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using the correct amps

Discussion in 'Sound, Music, and Intercom' started by Les, May 4, 2005.

  1. Les

    Les Well-Known Member

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    I'm just considering buying some speakers but I was wondering, If I had a cabinet that was rated at 300w RMS, 600w PEAK @ 8ohms, should I buy an amp that delivers 300w at 8ohms?
     
  2. soundman1024

    soundman1024 Active Member

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    Acutally it is normal to get an amp that handles more power than your speakers. If you could provide more information it would help people out alot, such as how many cabinets you plan on getting, if you plan on bridging the amp, and other factors can change what amp people here would be able to advise you. You will get signifigantly more power out of an amp in mono mode with 4Ω load then you will get out of an amp in stereo with an 8Ω load.
     
  3. JasonH

    JasonH Active Member

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    Get an amp that is rated for 600 watts at 8 ohms. Thats your safest route.
     
  4. wolf825

    wolf825 Senior Team Emeritus Premium Member

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    NO. :)

    I could just give you the answer..but I want to try and explain this for fun and the amusement of my peers as this is a difficult subject to explain.. Amp and speaker ratings are tricky to read and understand--as there is no real universal "standard" for rating amps and speakers. Some manufacturers will rate their gear using a 1Khz tone (which is a very powerful frequency and will give them a higher response, higher SPL, and better numbers that makes their gear look GREAT when it may SUCK and do 80 or so watts LESS at full range or lower frequencies)...and other makers may rate it using Pink Noise, white noise, fixed tones & harmonics etc...and still others have their own unique way to rate their gear for RMS or peak (what "peak"--how was it measured??) or whatever method they use that probably involves voodoo dolls.. Either way a lot of "ratings" tend NOT to be disclosed in the spec's for method..and the ones that do--they hope you do not know what they are talking about but hey--it sounds technical so it MUST be good.. However....this is a rant all its own.. :)

    Typically if you have a speaker that is 300w max at 8 ohms, you will want an amp that is at least, IMO, 1.5 to 2 times or greater that speaker max 'peak whatever' rating....so a 450-600w max amp at 8 ohms works well, minimally. If you have a 600 watt PEAK speaker--think along the lines of 800-1200 watts of power or greater. Higher the better actually works in your favor in this instances...especially if you have to consider that you may connect MORE then one speaker to that amp--and while your ohm rating may drop, your wattage capacity increases--and is then divided by the number of speakers. I hate the math..and someone check me on it.. but for Example--Mr Speaker wants 300w at 8 ohms MAX, 450 at 4 ohms MAX...and you are hooking up four (4) speakers (2 per side) which will give you a rating of 4 ohms per side... So 450w speakers x2 = 900 watts at 4 ohms.. You want an amp that can push over 900w at 4ohms....cause at max output each speaker will then get its 450 watts max.. Not a problem--most amps give you the 8ohm and 4ohm ratings..and they are CLOSE. If you get an amp that does 450 watts at 4ohms--your max ability to each speaker then becomes only 225watts....and not the 450w it can handle...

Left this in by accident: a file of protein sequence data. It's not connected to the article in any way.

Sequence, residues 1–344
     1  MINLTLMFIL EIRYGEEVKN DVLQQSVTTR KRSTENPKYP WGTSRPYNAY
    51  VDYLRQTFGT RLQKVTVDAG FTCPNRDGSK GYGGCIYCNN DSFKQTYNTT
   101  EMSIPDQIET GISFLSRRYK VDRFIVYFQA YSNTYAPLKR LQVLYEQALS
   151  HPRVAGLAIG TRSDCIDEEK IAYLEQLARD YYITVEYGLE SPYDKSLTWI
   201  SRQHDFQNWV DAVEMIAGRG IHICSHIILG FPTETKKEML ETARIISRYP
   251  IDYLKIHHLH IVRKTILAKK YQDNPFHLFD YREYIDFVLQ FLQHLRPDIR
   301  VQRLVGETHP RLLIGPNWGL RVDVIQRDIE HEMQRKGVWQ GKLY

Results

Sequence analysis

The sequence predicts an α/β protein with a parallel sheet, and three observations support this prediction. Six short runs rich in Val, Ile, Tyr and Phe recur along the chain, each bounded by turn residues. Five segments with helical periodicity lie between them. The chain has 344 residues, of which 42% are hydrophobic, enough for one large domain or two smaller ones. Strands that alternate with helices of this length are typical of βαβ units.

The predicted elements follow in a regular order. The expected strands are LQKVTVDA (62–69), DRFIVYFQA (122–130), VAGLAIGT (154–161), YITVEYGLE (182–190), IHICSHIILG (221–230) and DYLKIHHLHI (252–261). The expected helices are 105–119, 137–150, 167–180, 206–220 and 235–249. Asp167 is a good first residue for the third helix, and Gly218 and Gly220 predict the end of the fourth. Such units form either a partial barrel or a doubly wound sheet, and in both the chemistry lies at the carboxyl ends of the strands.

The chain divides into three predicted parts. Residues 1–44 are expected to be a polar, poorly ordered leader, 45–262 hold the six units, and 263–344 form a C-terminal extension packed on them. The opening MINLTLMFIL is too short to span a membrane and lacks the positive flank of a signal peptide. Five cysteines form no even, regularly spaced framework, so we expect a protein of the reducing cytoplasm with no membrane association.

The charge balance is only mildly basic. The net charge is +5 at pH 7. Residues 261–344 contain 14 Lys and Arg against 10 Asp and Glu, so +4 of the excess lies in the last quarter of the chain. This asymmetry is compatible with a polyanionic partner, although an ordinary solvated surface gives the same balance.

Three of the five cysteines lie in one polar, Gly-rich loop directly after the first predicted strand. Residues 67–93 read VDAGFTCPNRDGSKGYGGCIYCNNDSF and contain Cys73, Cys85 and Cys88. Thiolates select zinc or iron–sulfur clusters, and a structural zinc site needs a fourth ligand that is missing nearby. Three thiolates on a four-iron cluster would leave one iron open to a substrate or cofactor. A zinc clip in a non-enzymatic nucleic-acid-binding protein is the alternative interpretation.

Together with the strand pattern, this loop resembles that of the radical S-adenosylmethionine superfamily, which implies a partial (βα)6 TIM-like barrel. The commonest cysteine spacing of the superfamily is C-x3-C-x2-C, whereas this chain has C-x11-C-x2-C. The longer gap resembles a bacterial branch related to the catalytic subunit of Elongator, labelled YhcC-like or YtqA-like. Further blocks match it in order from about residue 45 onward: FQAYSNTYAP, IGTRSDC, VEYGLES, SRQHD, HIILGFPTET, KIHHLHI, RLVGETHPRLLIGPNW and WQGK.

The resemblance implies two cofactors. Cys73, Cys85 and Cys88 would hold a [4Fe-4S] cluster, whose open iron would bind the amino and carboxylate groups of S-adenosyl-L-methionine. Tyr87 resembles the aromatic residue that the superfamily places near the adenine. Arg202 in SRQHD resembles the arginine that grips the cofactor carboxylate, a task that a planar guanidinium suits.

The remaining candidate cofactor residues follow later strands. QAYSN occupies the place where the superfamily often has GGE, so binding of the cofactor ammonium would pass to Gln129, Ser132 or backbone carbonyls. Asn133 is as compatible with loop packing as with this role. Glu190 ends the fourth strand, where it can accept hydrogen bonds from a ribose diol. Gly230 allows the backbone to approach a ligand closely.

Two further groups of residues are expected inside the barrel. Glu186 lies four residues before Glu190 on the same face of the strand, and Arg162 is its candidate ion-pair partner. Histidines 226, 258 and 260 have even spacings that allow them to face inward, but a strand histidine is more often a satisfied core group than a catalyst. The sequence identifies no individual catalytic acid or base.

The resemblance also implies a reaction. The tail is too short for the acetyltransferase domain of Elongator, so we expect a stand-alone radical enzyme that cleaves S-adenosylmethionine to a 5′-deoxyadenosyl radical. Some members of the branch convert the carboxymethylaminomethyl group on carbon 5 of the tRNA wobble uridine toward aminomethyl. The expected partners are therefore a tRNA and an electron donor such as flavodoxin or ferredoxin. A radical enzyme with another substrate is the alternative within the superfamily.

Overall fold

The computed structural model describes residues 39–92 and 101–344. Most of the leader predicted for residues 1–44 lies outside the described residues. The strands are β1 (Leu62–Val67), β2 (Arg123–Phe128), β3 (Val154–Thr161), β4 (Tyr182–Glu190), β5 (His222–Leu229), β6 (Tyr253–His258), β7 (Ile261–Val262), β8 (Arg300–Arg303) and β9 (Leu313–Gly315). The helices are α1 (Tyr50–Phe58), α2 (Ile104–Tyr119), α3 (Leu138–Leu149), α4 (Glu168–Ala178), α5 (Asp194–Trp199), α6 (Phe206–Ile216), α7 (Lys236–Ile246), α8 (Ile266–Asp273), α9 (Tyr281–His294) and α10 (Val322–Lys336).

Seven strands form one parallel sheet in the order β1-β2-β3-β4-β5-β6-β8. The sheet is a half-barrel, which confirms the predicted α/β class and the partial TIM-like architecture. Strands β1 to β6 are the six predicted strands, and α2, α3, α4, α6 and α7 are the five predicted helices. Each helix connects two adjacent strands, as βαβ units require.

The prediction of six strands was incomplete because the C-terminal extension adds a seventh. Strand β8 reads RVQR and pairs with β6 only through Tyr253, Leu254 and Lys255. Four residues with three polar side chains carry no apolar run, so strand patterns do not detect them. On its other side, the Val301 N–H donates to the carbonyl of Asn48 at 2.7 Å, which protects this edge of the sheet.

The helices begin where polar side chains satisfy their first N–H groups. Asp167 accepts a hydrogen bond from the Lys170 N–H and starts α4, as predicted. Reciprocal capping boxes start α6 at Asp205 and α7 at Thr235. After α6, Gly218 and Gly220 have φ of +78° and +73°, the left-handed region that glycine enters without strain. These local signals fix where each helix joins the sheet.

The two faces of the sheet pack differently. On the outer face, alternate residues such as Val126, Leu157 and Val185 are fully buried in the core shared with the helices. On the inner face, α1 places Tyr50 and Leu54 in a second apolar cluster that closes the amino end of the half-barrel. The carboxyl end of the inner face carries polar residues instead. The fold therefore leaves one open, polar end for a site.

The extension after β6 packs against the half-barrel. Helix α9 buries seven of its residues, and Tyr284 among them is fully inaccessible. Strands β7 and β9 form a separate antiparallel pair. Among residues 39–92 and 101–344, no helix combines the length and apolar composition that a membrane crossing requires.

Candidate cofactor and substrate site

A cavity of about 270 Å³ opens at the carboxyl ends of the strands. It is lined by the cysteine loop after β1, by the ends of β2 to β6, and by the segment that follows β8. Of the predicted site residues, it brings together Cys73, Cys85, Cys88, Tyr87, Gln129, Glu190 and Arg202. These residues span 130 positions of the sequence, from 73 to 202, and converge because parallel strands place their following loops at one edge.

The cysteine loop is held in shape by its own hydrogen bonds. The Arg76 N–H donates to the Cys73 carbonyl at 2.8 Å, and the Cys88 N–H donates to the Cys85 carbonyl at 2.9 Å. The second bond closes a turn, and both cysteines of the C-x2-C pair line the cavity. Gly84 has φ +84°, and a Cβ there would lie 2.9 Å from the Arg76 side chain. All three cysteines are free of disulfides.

Why a stronger amp then the speaker? Well consider this...if you have a speaker that has a max rating of 300w, and an amp that has a max rating of 300w, due to heat and resistances that build up in an amp while being used, your amp may actually begin to clip or peak out and provide LESS wattage then the max rating it was tested and rated under. Or given the specs may be BS--it may not come close to giving you full range max watts that it claims were "max". It may clip and provide only 250 watts at FULL RANGE and 300 watts at 1khz....or even MUCH less wattage at full range. Point is, Underpowering a speaker is brutal abuse to a speaker as it causes the speaker to work harder and more heat is generated in the coil--especially if its is expected to be driven at its max performance. The speaker that can do more then the amp can most likely put out, is NOT safe driving. When an amp CLIPS (the little red or green light goes on suddenly)--it can send distortion to the speaker.. Distortion is that muddy garbled messy sound that is suddenly there and then gone and everyone hates it.. That distortion is in essence a square wave of electrical energy..and its asking the speaker to over exert and produce a square wave garbled mess cause the amp can't send out any more.. Distortion like that on a regular basis will KILL a speaker quick and you only get to use LESS then the speakers max capability. With a higher wattage amp, you can run the speaker to its maximum performance without concern for clipping at the amplifier.. All my amps are twice the power rating minimum for the speakers they drive....and my speakers tend to last for years of daily use at hard levels.

    Think of underpowering a speaker it in terms of cars and engines-- Its like using a 4cyl engine to drive a 4x4 truck...you will burn out the engine long before you get the max use from the truck.... So for your amp think about 1.5 to 2 times the max rating for your sepakers and you should do just dandy....

    -w
     
  5. Foxinabox10

    Foxinabox10 Active Member

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    But, can't you absolutely avoid blowing a speaker by having your amp power less than the speaker?
     
  6. Les

    Les Well-Known Member

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    Thanks wolf - suddenly JBL Eon powered speakers are sounding really good to me lol. I'm thinking I could get a pair of those for cheaper than a mediocre set of speakers and amp.

    Here's an off-the-topic question: Do the Eon 15's have pole mounts in the bottom?
     
  7. JasonH

    JasonH Active Member

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    Yes they do, AFAIK
     
  8. JahJahwarrior

    JahJahwarrior Active Member

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    and no, you cannot avoid blowing a speaker, no matter what amp you use. speakers can blow at way less than their rating for two main reasons: